The furore over Unity’s recent announcementthey would begin charging install fees for games made with their tools not even begun to peak. Now the European Game Developers Federation has weighed in and leveraged the news to call for more regulatory scrutiny.
In a statement released by the EGDF they decry Unity’s purportedly monopolistic practices, and cast a shadow of doubt over the skills many game development students have honed on the back of Unity’s engine.
“Bigger game developer studios have the luxury of being able to develop their own game engines. Consequently, market uncertainty and significantly increased service provider risks caused by Unity’s new fee structure will hit, in particular, SME game developers. It will be much harder for them to build reliable business plans, make informed decisions on game engines, and run a profitable business. Many of these studios struggled to access risk funding before Unity’s announcement, and it has only worsened their situation.”
“Unity’s decision will have a broader impact on the whole game industry ecosystem. Many professional game education institutions have built their curriculum on the Unity game engine. If Unity’s new pricing model starts a mass exodus from Unity’s engine, it will lead to rapid changes in professional game education itself and place many young industry professionals who have built their career plans on mastering Unity’s tools in a very difficult position.”
Calls for more action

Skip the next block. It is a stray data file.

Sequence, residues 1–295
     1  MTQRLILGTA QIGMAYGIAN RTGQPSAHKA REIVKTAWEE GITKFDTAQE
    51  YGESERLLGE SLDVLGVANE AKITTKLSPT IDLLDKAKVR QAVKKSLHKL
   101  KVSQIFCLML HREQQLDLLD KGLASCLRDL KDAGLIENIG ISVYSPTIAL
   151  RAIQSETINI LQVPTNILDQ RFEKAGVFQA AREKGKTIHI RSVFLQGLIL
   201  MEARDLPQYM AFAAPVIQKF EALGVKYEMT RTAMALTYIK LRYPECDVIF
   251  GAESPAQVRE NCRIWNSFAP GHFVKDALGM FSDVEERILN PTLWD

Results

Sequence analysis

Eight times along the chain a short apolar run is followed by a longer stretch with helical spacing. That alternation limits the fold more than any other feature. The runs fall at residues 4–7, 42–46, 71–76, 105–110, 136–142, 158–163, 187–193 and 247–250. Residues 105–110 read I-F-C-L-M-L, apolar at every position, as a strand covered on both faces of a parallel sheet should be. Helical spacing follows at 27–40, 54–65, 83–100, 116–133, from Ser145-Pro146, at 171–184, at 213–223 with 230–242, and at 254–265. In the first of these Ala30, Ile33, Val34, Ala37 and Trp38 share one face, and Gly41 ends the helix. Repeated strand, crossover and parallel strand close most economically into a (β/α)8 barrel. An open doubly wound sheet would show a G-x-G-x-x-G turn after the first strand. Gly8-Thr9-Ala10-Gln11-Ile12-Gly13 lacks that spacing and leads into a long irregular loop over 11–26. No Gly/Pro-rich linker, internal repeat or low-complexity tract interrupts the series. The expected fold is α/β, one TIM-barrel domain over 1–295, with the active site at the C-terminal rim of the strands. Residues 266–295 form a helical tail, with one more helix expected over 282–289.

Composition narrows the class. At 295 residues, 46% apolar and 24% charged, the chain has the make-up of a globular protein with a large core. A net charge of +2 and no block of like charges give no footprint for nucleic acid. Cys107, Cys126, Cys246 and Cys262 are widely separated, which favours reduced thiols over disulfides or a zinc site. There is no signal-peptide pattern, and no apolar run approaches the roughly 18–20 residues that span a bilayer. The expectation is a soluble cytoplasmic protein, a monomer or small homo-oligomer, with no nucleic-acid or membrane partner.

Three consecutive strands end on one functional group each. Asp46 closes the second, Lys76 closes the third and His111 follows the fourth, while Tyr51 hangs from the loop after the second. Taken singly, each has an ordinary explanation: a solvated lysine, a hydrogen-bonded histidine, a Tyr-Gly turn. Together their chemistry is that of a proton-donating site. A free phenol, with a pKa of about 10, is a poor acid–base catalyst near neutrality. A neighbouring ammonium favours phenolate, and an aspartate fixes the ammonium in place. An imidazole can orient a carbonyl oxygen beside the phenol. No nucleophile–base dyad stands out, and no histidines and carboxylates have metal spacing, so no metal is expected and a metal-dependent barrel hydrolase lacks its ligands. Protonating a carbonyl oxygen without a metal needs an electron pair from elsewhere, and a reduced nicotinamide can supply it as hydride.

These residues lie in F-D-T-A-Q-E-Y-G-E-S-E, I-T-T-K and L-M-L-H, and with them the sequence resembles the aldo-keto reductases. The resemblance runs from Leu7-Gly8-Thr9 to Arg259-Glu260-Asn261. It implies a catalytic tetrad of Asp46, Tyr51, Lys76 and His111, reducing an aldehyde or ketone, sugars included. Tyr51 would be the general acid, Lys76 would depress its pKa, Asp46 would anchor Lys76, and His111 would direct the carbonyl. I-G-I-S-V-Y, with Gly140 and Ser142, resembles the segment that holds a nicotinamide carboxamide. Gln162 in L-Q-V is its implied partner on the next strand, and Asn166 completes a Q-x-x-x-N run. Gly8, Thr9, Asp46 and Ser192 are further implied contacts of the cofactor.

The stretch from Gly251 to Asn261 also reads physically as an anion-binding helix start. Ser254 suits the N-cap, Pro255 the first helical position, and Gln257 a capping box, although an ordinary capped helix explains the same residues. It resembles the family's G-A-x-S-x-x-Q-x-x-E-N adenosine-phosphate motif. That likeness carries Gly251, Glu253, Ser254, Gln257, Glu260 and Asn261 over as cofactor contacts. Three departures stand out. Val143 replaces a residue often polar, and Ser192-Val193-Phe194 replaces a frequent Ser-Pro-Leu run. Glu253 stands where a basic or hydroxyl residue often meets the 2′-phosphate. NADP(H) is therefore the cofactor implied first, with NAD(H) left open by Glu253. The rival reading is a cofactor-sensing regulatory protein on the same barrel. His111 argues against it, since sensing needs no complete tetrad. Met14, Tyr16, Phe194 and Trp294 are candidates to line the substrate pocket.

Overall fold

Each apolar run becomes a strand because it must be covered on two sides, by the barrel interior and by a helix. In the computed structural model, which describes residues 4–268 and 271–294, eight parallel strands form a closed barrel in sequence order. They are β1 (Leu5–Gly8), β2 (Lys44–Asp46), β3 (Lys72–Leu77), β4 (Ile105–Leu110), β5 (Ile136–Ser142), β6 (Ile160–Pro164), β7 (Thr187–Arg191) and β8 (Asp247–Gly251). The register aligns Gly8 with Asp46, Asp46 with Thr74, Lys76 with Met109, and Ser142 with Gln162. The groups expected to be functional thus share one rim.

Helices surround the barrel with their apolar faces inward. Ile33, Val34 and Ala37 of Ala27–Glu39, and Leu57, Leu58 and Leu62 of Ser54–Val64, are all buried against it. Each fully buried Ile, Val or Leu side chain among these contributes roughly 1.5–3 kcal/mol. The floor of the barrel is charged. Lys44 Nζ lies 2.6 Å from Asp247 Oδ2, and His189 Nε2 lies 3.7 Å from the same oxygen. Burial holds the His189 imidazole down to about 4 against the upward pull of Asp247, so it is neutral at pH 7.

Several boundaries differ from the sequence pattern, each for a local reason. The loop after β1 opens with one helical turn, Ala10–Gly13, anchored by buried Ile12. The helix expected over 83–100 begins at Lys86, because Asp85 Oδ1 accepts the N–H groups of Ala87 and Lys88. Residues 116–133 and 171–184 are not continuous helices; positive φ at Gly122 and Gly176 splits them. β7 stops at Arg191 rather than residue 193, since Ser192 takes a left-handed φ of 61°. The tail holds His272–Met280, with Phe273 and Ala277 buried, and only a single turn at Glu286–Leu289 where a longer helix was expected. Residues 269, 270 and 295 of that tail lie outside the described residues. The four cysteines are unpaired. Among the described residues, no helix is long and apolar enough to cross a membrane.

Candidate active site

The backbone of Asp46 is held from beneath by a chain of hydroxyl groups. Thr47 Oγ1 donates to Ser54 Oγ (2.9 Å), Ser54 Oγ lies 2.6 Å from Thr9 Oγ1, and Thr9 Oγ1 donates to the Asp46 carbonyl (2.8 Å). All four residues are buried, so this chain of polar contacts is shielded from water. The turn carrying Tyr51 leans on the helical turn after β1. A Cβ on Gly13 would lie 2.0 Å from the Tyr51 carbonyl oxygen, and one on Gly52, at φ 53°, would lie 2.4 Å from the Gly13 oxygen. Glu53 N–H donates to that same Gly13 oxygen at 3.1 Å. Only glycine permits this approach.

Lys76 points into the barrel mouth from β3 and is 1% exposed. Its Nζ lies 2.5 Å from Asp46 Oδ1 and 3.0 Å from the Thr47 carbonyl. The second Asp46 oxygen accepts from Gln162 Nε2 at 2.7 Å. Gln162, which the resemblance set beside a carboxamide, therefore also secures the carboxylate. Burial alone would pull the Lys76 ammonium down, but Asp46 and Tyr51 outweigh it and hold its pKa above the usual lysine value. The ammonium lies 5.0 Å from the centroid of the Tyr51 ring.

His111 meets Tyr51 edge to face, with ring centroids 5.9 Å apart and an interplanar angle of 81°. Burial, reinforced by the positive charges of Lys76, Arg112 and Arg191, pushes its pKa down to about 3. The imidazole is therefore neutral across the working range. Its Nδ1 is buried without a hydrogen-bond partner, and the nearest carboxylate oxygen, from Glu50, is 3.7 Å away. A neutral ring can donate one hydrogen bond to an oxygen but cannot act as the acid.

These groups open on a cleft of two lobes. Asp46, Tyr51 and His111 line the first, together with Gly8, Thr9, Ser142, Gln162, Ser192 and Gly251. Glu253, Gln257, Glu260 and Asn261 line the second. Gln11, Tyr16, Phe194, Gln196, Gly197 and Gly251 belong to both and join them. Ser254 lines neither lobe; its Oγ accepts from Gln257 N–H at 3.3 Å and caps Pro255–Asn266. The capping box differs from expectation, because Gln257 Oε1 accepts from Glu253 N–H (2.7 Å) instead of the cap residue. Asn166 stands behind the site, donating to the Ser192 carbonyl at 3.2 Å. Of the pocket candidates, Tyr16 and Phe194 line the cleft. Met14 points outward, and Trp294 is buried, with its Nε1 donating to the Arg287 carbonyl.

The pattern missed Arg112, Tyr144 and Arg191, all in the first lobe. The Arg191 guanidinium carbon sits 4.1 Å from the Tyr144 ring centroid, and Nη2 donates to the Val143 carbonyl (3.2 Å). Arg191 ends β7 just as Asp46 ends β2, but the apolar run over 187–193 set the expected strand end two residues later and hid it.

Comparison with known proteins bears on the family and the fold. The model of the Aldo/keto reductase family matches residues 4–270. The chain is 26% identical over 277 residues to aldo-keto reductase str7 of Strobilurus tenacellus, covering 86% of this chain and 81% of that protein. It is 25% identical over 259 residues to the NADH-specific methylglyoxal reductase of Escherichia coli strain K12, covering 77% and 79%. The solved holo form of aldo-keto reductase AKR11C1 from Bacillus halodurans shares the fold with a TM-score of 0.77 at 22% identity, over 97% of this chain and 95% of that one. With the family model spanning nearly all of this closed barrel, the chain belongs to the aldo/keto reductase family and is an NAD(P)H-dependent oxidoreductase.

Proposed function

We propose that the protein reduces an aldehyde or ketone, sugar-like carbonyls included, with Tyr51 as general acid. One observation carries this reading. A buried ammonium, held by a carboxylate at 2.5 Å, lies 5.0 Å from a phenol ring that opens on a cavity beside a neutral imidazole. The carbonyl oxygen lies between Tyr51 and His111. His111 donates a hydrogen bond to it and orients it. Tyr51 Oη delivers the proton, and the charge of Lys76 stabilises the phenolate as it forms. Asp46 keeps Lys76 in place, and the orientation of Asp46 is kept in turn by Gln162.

Furthermore the EGDF goes beyond these predictions to also call on the EU to bring in further legislation.
“The Commissions should introduce a specific regulation for non-negotiable B2B contract terms. The regulation should provide sufficient time (e.g. in a minimum, six months) for markets to react to significant changes in non-negotiable terms and conditions that a service provider has communicated to their business users in a plain, clear and understandable manner. Furthermore, the Commission should bring much-needed market certainty by banning retroactive pricing and contract changes.”
The fact that there is no major competitor for Unity Engine that does not require constant back-end server connection is a market failure in itself.
“The Commission should increase its R&D support for the European game industry. The fact that there is no major competitor for Unity Engine that does not require constant back-end server connection is a market failure in itself.
"The Commission should increase its support for privacy-friendly open-source alternatives for game engines, like for example Godot or Defold or similar, that do not require constant back-end server connection and thus have no need for scalable revenue-based fees or install fees.”
Wading into the fray
The fact that the European Game Developers Federation is weighing in on the Unity news is indicative of just how seismic the announcement has become. A lack of consultation and the abruptness of the changes, coupled with an outpouring of developer fury including an open letter with multiple high-profile studios closing ranks against Unity indicates that the sudden, dramatic shifts in this story are unlikely to halt anytime soon.